2. The locks on the newer rigs have more key combinations than the older rigs had. One safety practice is to lock the deadbolt on the entry door. It has many, many more key combinations. Bad people will not be as likely to be able to open the dead bolt. Replacing the hatch locks can be a good idea however. Unfortunately both entry and hatch doors are fairly easy to open with a pry bar so the type of lock is not as big of a deal as you might initially think. 🙁

  3. In delivering all these different RVs that I’ve driven all over the country, it really bothered me that just about *all* of the Monaco coaches (and of course that means Holiday Rambler, Safari, Beaver, etc., etc.) used only the “TM500” key for the storage bays. When Monaco went to the double-sided key (the “2001”) it was still the same situation. Thankfully, they have started using more different keys lately.

    And if you happen to have a “CH751” key (e.g., for your fuel door), you can probably open something or other on just about anybody else’s coach!


  4. I guess I should have said, “Monaco *HAD* started using…” :>)

  5. Its sad but…keys only keep the honest and the kids out…If someone wants in well they are in. A friend put his new RV in storage till he was fully ready to hit the road. When he went to pick it up and leave he noticed he was hit by vandels…the intire interior was destroyed and he had to wait three months before insurance came through. It was a write off. Happy part to the story is that he has been on the road for 2 years and loving every minute of it!! Don’t let anything take that dream away!!!

  6. I agree that most of those little ‘disk tumbler’ locks are worthless. If the key goes in, then pull it back a notch and wiggle it up and down. Failing that, the bad guys use a small tool called a rake. They are easily made from grinding a little off a street sweeper bristle found along the curb. I thought that the regular dead bolt lock with standard 5 pin tumbler provided by Allegro/Tiffin was secure.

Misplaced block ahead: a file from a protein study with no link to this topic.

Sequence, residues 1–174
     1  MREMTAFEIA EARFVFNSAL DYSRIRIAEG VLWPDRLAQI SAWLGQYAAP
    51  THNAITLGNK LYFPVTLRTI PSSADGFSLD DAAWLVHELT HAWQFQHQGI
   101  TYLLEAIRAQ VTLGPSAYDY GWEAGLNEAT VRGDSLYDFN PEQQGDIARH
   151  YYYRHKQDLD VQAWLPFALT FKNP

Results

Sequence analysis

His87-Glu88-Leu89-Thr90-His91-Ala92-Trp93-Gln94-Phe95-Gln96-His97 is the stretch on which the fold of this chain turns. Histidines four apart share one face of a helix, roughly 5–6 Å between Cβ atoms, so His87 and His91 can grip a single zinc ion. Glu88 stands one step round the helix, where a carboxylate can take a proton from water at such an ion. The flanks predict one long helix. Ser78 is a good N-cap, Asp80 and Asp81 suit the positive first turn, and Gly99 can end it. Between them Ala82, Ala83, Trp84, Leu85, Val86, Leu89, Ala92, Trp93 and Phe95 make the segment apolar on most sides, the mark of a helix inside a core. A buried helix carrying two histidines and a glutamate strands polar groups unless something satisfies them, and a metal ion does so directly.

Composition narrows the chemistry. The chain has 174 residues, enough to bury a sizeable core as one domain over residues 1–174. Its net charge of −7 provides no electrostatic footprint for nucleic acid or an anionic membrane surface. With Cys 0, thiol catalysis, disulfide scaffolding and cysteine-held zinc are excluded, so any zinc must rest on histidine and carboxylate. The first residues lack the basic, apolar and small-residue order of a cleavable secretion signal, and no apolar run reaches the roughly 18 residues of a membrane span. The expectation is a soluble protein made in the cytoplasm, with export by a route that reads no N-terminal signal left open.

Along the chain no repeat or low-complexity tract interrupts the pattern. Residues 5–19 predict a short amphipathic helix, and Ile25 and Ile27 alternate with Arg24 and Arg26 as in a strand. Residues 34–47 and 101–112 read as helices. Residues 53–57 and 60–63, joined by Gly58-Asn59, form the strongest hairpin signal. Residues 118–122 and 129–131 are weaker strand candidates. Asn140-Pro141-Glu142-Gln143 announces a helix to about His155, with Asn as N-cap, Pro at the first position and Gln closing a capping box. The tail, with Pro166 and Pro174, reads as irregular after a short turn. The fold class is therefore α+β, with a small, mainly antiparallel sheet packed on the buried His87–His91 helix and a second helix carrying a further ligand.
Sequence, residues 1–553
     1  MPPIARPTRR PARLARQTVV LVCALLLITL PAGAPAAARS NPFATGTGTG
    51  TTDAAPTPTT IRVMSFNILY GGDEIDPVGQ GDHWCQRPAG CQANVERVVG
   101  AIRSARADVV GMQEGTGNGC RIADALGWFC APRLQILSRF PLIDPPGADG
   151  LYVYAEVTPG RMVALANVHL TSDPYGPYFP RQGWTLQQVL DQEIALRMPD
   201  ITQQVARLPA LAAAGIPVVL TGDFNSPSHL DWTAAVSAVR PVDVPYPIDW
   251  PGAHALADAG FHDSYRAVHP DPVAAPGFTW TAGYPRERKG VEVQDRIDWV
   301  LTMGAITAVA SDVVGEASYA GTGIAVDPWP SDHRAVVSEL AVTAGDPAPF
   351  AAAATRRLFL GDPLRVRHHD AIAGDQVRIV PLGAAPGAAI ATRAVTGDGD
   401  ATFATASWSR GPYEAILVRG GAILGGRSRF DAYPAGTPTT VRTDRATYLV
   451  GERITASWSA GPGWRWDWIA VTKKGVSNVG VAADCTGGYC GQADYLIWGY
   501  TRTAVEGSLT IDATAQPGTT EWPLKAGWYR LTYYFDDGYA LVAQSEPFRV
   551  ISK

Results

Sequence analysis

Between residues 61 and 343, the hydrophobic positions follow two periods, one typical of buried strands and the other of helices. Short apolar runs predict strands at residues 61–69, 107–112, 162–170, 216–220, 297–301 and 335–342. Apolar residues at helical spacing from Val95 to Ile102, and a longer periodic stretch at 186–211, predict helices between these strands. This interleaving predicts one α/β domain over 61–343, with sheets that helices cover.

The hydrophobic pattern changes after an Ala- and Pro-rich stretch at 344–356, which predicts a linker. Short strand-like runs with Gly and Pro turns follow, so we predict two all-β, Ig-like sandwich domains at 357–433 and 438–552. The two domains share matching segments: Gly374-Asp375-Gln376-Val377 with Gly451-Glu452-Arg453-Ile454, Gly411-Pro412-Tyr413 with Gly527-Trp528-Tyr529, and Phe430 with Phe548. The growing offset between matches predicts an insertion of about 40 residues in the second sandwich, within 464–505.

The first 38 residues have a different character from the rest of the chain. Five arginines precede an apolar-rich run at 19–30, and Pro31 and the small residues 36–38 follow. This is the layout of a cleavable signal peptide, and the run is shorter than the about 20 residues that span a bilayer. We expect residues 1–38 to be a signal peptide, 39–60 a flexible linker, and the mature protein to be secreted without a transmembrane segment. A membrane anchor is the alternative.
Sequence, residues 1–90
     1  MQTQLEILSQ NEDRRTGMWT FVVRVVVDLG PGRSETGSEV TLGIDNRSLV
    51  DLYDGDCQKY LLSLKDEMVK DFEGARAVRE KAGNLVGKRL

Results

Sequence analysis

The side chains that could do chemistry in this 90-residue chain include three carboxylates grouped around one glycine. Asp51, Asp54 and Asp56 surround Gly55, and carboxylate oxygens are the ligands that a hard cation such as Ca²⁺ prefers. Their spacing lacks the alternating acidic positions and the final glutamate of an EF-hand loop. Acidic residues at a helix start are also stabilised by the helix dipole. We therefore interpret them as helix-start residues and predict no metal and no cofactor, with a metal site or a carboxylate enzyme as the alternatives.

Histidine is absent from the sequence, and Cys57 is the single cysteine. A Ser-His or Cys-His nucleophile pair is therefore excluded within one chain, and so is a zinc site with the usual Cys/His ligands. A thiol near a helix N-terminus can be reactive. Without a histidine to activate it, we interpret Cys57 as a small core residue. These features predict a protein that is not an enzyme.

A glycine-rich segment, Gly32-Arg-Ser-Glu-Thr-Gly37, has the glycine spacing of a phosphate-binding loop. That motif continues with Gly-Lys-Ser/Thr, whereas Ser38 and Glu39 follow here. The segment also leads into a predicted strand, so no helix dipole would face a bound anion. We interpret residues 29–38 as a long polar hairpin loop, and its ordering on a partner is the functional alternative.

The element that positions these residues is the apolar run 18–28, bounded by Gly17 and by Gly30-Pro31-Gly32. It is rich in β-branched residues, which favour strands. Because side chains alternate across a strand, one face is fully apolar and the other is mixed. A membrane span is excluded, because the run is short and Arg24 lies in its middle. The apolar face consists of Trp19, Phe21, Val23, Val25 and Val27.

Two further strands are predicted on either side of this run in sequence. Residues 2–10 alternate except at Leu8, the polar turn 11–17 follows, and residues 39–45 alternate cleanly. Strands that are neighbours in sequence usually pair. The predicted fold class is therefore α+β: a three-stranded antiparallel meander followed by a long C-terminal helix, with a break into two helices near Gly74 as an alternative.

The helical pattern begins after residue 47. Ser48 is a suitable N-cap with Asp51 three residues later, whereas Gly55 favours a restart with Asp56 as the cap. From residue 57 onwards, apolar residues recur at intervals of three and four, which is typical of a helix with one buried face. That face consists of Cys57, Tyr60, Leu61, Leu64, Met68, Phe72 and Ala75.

Until I met a locksmith working near Amarillo Texas. He had been called in to open several office doors with similar locks. He went to his key machine and dialed in 5 cuts at #7 or #8 depth, that’s the deepest. Then, using a small mallet to tap the key, and a piece of spring metal for tension, he ‘bumped” each lock. It was all over in minutes. I don’t even remember how many offices were opened.

    He then showed me the new ‘exotic’ locks like Schlage w/ side tumblers, Medico etc… He said that they are selling like crazy.

    If the bad guys have only 2 bump keys, they will be Quikset and Schlage, and that covers most of our coaches except Prevost, MCI etc., with double sided Ford keys.


  7. The tubular locks like Nick has are very difficult to pick. They can be picked with the right tool, but even with the right tool, it is difficult. the best bet is Medeco cam locks. These are almost impossible to pick and are highly drill resistant. To really secure the storage comparments, it would probably be necessary to add 2 more locks to help prevent prying. On the entry door, if it is at least 1 and 3/8 inches thick, a residential style deadbolt can be added. As a former locksmith, I have installed deadbolts on RV doors. If the door is not thick enough, check with a mobile home supply house for a lock. These suppliers carry locks for very thin doors. However, have it re-keyed as it will be master keyed ( more than 1 unique key will operate the lock). If you go with Medeco, order extra keys with the locks, because only the locksmith you order them from will have the correct key blank to make duplicates. Kmart, Wal-Mart, Lowes, etc will not be able to help you nor will the local locksmith.

    I hope this helps. If you have any questions Nick can get in touch with me.